Music without borders

Benjamin Ellin
Tuesday, March 22, 2016

Louai Alhenawi (Syrian-born, London-based Ney soloist, composer, fantastic cook, wonderful selfless personality and fellow caffeine fiend) is one of my closest friends and the gentleman with whom I (Bolton-born, London-based composer and conductor with moderate cooking skills) have founded Tafahum.

Tafahum is a contemporary fusion ensemble uniting a core of 16 classically-trained musicians from Eastern and Western backgrounds, and it is a project that, after several years of work, is about to release a debut album: Osmosis. Tafahum perform entirely new music, a melting pot of styles, ingredients and tastes, and the tracks on Osmosis are a demonstration of music without boundaries, showing how music from very different origins can have so much in common.

Forming an ensemble like Tafahum has necessitated a slightly different approach to that which I have normally experienced. For example, when we say ‘classically-trained’ in the UK it often conjures up images of musicians concerning themselves with the ‘dots on the page’, the cultural references that surround the score, the technical demands of the instrument, and the emotional and academic requirements of the music. The idea of a classically-trained musician from Louai’s background is slightly different. Yes, it refers to a development of the technical demands regarding an instrument and executing any performance with as much skill as possible, but it also implies a thorough understanding of form, structure and harmonic language that can be called upon at any moment to be given over to an improvised solo; rather like a jazz musician. 

This difference, coupled with another of not regarding notated scores as the final version of a composition, are brief examples of the challenges that present themselves when uniting a group of musicians in which individual experiences and expectations are different. For many of the musicians from Louai’s team, the work of Tafahum is unquestionably some of the most difficult they encounter because the construction of what we do and the combination of skill sets is so different to their ‘norm’. Similarly, for the Western musicians the ebb and flow of every single piece Tafahum plays demands a relinquishing of control and an awareness that is more in-keeping with chamber music and free composition than anything else.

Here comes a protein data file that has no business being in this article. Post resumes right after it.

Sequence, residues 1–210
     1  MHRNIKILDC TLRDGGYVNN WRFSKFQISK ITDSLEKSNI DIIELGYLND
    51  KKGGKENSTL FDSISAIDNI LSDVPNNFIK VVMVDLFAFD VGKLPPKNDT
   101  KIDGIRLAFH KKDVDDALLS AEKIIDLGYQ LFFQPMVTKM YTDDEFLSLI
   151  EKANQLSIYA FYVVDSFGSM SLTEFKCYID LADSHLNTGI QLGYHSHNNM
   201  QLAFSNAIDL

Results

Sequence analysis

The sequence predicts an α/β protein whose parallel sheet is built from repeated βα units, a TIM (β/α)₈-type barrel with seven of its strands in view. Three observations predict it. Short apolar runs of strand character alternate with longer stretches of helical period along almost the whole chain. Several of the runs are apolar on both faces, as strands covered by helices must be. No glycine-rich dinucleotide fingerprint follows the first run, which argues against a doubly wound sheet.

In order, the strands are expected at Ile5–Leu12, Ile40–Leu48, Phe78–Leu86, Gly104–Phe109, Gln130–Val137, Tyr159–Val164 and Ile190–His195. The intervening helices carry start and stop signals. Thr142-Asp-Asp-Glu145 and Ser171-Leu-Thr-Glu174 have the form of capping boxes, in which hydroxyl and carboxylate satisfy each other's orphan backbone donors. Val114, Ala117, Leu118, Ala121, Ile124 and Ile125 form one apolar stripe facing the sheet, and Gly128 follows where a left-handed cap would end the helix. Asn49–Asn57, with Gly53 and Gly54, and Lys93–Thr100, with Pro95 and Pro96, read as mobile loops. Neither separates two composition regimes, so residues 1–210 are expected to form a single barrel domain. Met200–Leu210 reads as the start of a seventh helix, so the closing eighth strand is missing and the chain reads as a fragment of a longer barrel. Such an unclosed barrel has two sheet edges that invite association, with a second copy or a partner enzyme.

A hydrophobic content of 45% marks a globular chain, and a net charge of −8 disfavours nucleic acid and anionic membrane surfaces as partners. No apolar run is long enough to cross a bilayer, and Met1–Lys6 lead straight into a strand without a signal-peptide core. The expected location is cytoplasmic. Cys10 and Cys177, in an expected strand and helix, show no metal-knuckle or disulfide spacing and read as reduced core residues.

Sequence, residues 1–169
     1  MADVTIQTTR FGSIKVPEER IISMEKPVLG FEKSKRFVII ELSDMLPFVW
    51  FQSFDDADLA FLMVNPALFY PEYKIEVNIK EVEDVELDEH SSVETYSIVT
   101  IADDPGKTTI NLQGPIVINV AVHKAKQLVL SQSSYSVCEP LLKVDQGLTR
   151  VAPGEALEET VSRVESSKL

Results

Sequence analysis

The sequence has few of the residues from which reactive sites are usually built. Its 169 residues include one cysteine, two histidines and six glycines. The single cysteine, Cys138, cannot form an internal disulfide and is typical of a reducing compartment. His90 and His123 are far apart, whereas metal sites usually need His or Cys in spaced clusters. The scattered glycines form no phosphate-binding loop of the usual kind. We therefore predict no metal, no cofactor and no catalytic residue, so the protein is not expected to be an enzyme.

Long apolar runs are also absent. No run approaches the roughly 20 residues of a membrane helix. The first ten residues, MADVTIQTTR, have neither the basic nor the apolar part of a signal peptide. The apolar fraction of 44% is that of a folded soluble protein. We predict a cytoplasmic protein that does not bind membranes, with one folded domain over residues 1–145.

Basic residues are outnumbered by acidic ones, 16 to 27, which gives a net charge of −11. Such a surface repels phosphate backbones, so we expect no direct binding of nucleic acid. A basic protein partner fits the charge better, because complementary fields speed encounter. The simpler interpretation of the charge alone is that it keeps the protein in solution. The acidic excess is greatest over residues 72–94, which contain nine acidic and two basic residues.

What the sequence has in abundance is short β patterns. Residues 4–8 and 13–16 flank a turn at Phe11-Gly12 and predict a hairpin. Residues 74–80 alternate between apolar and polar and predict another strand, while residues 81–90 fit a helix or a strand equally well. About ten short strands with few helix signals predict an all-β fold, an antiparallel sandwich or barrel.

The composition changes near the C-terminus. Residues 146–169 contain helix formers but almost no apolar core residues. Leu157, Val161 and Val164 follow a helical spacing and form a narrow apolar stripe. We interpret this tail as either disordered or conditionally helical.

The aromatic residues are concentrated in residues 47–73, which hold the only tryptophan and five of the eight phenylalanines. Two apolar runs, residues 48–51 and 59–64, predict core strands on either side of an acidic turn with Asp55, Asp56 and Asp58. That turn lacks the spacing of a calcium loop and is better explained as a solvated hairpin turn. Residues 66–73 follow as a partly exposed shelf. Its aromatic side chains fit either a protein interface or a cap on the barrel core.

Yet all the initial differences, once embraced, melt away. Ultimately we are all reminded about the similar roots many of our own traditions have. The main challenge therefore is to allow enough time to selflessly embrace whatever is seemingly different in order to appreciate exactly quite how we make sense of it from our own cultural perspective, to respect it and, in our case, to collaborate. It seems to both Louai, myself and the players of Tafahum that this slow and genuine journey of appreciation and understanding is not only a route to great personal friendship and humanity, but it can also manifest itself in that most wonderful of human endeavours: creativity. Perhaps we can leave what parallels to other elements of human civilization could possibly benefit from a similar methodology, to you.

Tafahum's debut album, Osmosis, will be released on April 1 but is available for pre-order now: Amazon

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